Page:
Welcome to It's Just Stuff's #whatsonyourmindwednesday guest blogs. Every week #TeamIJS is inviting one of our Preferred Partners to share what is on their minds as it relates to the services they provide and the connection to helping anyone struggling with organizing and executive functioning skills.
This week we are so happy to introduce Dr. Noah Goldstein, acupuncture and Chinese medicine specialist. Our COCTC aka Chief of Chaos to Calm has been a patient of Noah's for the past several months and has seen significant improvement regarding some inflammation in her hip for over a year as well as treatment for insomnia. She jokes that it takes getting needles stuck all over her to sometimes force her to get a much-needed nap. We love that Noah has a very calming influence on Beth...she tends to run nonstop every day for clients and definitely benefits from Noah's expertise. If you live in the Greater Boulder area we highly recommend contacting him for a consultation...you will not be disappointed!
Decluttering for Better Health
Our environments shape us as much as we shape our environments. One of the fundamental tenets of Eastern Medicine is that flow is essential for health. Said differently, stagnation is one of the major causes of disease. As an acupuncturist, I look for blockages in the energetic flow of a person’s body and seek to unblock those blockages. As a coach, I help people identify blockages in their perception or the circumstances of their lives and help find solutions. What I can’t address for people are impediments to flow in their environments. This, however, is precisely what Beth and the team at It's Just Stuff does. Clutter, messy closets or rooms, and disorganized stuff in storage are exceedingly common. They also have a significant, but subtle impact on our well-being. Like a nagging pain we’ve had for so long we don’t even realize it’s impacting us until the accumulation in our space weighs us down and hinders our capacity for ease. Stuff comes into our lives incessantly. Our ability to let go of that stuff is governed energetically by the lungs and the large intestine according to Eastern medicine. These two organs are about bringing in things from the world (air and food) and letting go of what we don’t need (CO2 and, well, to put it mildly, our poop). They also manage our relationship with grief, the emotion we experience when we let go of things. From the lens of Eastern medicine, deep belly breathing exercises can help promote the health of the lung and large intestine and support our ability to let go of things we no longer need. The wisdom of these organs is about letting go of form and holding on to the essence. Basically, what this means is that when we’re having trouble letting go of a piece of clothing, or a lamp, or our college essays stored in the attic, what’s really going on is that we’re afraid of losing the memory of those experiences (the essence) so we hold on the items (the form). Recognizing this creates an opportunity. We can find ways to ensure that we keep the memories without keeping the stuff those memories are attached to. I also like the Marie Kondo practice of saying thank you to all the items we’re letting go of. This to me exemplifies reverence which is the virtue of the lungs and large Intestine. Somehow expressing the respect we have for things in our lives before we let them go makes it feel that much easier.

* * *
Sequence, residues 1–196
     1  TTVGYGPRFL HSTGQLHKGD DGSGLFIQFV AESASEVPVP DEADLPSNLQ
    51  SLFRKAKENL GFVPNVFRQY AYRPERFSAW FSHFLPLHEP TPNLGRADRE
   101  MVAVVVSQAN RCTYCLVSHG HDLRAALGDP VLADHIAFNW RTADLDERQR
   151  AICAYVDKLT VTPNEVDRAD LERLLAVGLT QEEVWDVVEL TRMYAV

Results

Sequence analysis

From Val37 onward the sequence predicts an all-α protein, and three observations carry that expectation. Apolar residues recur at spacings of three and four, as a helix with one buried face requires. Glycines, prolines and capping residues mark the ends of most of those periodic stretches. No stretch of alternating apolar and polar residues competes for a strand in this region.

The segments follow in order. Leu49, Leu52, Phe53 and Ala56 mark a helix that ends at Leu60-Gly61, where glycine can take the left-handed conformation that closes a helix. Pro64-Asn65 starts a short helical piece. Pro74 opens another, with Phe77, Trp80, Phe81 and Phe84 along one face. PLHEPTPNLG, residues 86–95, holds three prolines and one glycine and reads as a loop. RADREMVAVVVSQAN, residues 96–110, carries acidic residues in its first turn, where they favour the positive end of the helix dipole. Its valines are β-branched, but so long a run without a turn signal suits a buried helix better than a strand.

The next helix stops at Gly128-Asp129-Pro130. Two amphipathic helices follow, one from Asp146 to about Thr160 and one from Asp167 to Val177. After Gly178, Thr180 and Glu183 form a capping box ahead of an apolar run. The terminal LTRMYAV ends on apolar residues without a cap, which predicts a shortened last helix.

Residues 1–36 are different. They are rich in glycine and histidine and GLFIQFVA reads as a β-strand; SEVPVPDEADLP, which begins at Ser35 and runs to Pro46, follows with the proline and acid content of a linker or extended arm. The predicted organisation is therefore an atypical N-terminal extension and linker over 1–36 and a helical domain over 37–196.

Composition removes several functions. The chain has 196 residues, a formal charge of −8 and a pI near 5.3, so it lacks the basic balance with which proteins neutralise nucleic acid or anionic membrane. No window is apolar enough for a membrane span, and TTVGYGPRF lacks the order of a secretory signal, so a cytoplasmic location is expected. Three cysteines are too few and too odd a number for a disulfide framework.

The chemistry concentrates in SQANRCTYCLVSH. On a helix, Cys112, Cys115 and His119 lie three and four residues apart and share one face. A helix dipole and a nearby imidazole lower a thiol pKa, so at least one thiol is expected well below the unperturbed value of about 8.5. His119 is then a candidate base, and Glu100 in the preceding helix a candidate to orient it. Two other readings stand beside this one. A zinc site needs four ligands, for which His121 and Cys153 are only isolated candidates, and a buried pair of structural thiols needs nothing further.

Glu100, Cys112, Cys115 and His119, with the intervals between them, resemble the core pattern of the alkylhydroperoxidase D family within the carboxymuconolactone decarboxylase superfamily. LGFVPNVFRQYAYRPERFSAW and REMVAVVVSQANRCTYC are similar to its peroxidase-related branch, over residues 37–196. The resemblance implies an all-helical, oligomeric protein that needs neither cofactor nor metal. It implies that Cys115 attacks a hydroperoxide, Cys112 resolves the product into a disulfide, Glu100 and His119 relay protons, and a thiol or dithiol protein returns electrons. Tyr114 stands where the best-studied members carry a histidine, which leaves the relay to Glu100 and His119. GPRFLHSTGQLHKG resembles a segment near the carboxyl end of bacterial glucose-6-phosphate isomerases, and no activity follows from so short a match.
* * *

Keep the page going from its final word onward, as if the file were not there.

Believe it or not, different seasons have a different psycho-emotional impact on us and we can leverage the energetics of the seasons to accomplish things more effectively. There’s a reason we’re familiar with the idea of “spring cleaning". Because the energy of the spring and summer is all about growth, there’s an intuitive awareness that we need to clear away, clean and make space in order to be able to make growth.
As we make our way deeper into the spring, edging towards summer, now is the perfect time to clear away, sort through, and let go of things that are no longer serving us to hold to.
You’ll most likely end up feeling lighter, brighter, and spacious internally, as your home environment becomes more organized. Give it a try and see what happens.
Noah Goldstein is a Doctor of Acupuncture and Chinese Medicine. He provides heart-centered soulful care through his private practice Heartseed Health. He also loves gardening, hiking, running, camping, and spending time with his family.
Download Guide to Emotional Resilience